This blog post is excerpted from our 7-part guide to choosing the right parter to design, engineer and manufacture your key electronic components. Want to learn more? Sign up now and get a chapter in your inbox every week!
Laying the Groundwork: Before you start your search for the appropriate EMS, you will want to ask yourself the following questions:
- How far along are you in the process? Do you already have a prototype?
- How many pieces do you think you will need to manufacture?
- Where will your product be sold?
- How much design and engineering support do you need?
- Exactly where are you in the process of developing your electronic product?
Are you just beginning development or do you already have a product prototype? Taking your product’s development status, as well your internal capabilities, into account will directly influence your selection of the right partner. Your partner needs will vary depending on whether you require a build-to-print, or someone who can assist you in the development and design for manufacturability.
- You will also need to estimate your anticipated annual volume.
If you know your volume will be limited to, for example, 100 pieces annually, you will probably want to avoid larger manufacturers. Because these firms will consider your manufacturing run to be negligible, they will likely relegate you to secondary importance, reserving their efforts and staff to service clients with significantly larger volumes. The price point they are able to offer you may be enticing, but inevitably, you won’t receive the support that you need.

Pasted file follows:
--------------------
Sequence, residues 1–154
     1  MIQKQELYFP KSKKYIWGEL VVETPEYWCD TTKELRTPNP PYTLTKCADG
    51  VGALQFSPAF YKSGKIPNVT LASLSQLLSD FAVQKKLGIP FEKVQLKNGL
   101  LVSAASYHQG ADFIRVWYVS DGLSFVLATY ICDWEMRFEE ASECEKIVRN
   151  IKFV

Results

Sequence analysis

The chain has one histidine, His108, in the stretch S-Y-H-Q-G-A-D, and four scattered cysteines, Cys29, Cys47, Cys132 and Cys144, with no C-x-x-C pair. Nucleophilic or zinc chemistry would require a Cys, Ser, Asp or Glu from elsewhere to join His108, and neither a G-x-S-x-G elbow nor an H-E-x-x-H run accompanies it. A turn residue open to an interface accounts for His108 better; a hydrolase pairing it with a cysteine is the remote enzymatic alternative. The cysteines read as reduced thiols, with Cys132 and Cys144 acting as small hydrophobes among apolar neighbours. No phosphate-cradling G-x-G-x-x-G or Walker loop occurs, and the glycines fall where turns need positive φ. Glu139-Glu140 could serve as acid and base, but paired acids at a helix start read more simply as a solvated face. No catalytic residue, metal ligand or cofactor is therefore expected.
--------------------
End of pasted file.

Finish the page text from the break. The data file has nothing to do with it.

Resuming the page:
- Also consider where the end product will be sold.
Will it be sold in North America, Europe, Asia, or some global combination? Depending on the complexity of the product and how it’s manufactured, it might make more sense to produce it in the continent where it will eventually be sold. The total landed cost may be the same (or even less) if manufacturing is in relative proximity to the point of sale, as opposed to the long lead times required by shipping across country, or continent. You also need to account for travel to your supplier in the total landed cost. You will need to visit your partner on a regular basis to review their progress, their adherence to your quality standards, etc.
- Finally, how much support will you need as a customer?
Have you got an extensive internal support network, including engineering and program management support? Do you plan to be involved in the selection of materials? If not, do you have an internal purchasing group to run that for you or would you prefer to rely heavily on the selected partner? This question comes down to evaluating the size and capability of your internal resources. The partner you select should blend well with your own capabilities or fill any gaps.
Many of these questions will be referenced again in upcoming chapters. Knowing the answers to these fairly basic, yet critical questions from the outset will help you prepare for more the complex issues you will face.